By Raymond Street

Many cities host a Music in the Park series, providing space for free concerts and theatre groups.

Normandy Park is a small City between Burien and Des Moines, with space for music located in a place called Marvista Park. Here is an account from my experience of the final concert of the series, which I think is a particular noteworthy event.

On Sundays in July and August at 5 p.m., people come with foldout chairs and find a location in the shade provided by the trees and listen to different bands. There is a Gazebo where most musicians set up, dedicated to the late Art Commissioner Zen McManigal who started and supported the Music in the Park series for 20+ years.

Each one of the bands this season were fantastic, offering their variety and style to the lineup. However, this year Normandy Park did something different for the last show which was Sunday, Aug. 27. This Finale was a concert, but with something extra, something more than a performance. This event was about participation, improvisation, and the artistic capacity we all share.

Thie Finale featured two bands and an art performance group called Botanical Alchemists. Rather than the usual 5 p.m. start time, this event started two hours earlier at 3 p.m. They brought an abundance of flowers from flower shops, river rocks, and their colorful magic from Spokane.

You can also see more work by the Botanical Alchemists here on their Instagram here:

Rocks were laid out to form a heart with mountains, a river, and a Sun. I was a volunteer for the pre-set up, so I had the privilege of setting the stones for the foundation. Buckets of flowers were organized by color and style, and little containers were prepared for people to find their own materials. The first part of this unique art experience was to find a couple of sticks, feathers, rocks, or anything within Marvista Park. Then everyone would create and decorate their own little art piece, expressing shapes or designs they wanted. Then after the solo creation, we would all come together and place colors and pieces in the larger design.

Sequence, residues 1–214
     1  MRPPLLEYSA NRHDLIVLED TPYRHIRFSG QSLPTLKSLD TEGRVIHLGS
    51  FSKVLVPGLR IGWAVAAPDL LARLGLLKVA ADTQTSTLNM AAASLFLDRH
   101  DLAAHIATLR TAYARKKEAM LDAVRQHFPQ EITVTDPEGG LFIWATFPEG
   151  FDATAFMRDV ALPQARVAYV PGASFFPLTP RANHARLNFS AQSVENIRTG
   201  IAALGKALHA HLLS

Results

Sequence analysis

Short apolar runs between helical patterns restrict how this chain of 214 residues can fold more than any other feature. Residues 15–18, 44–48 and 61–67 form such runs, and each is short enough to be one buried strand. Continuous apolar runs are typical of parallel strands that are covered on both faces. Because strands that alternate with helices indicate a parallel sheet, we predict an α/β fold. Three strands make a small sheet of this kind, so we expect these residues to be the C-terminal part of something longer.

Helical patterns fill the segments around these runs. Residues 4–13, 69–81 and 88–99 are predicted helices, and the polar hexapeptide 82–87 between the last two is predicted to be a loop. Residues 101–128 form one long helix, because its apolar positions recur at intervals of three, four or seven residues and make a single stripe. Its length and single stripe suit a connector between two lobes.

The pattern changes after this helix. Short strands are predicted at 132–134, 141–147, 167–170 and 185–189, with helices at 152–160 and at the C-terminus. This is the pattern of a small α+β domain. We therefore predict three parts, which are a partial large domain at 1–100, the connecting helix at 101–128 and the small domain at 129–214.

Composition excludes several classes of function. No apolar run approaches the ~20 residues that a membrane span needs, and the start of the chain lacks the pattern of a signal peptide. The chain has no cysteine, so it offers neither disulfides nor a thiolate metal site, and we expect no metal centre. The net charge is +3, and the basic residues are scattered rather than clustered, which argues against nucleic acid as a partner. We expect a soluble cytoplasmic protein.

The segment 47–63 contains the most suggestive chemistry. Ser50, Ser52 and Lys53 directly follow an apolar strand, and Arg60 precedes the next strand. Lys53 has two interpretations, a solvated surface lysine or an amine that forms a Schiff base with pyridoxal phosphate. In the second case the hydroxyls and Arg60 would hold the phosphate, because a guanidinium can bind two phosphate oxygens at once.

The set up took a couple of hours, and at 3 p.m. the Botanical Alchemists placed a path of petals in the park leading to a dedicated place by the community pea patch. Also, at 3 p.m. the first musician was set up and ready to perform.  Some of the designs created were lizards, mermaids, mountains made of bark, a chicken made of pinecones, and designs of carefully placed intentions. Then at 4 p.m., while Marina shared more of her music, the group design outlined in stones was placed, and petals filled shapes of the river, mountains, and sunbeams, forming a heart.

Marina Albero

The artist was Marina Albero playing a hammered dulcimer with a guitar companion. Marina is self-taught on the hammered dulcimer, and played the most exquisite set of improvised songs. Her style seemed to be heavily influenced by Spanish guitar and jazz. Typically, she plays piano, but today she provided a special treat. While children and families were improvising their art pieces with flowers, Marina’s music filled the air with an enchanting mood. Marina ended her set with a song containing the message “Music is Love”, which seemed to be the vibe of the hour.

You can visit the Normandy Park Art Commission Facebook page for more pictures of Marina’s performances and the creations of the participants of the event.

Marina Albero’s Facebook:

At 4:30 p.m. there was a break, and everyone toured the grass, which was shadowed by the trees. I walked around and took pictures, and made a small piece of artwork myself. I used some painted rocks and flower petals to make a radial design. Besides Zen’s memorial at the park, there is also a memorial bench for pets who have crossed over the Rainbow bridge. Behind the bench there were cable wires with pet tags of furry friends.

The next musician prepared their set, and people took a refreshing moment to enjoy ice cream from Ice Cream Express, and free coffee and water provided by FONP (Friends of Normandy Park).

Then Eric Ode took the stage at 5 p.m. Eric is an author, poet, singer and song writer, and his songs included the participation of children in the audience. He sang about possums, sharks, and the daily routines of a rooster as children jumped, sang, and had a great time.

Eric Ode

One child who participated in the flower art and sang songs said:

This is the best day ever!

These opinions come from the years Raymond Street has served as a Normandy Park Art Commissioner, a grant writer and artist for the Mural Masters Graffiti festival, a previous Burien Art Walk organizer, a painter, a volunteer and fiction writer in the Burien, Normandy Park and Des Moines area. There are many more ideas and experiences around Art, and this is not meant to be any sort of authority on the multiple meanings of Art or anyone else’s experiences.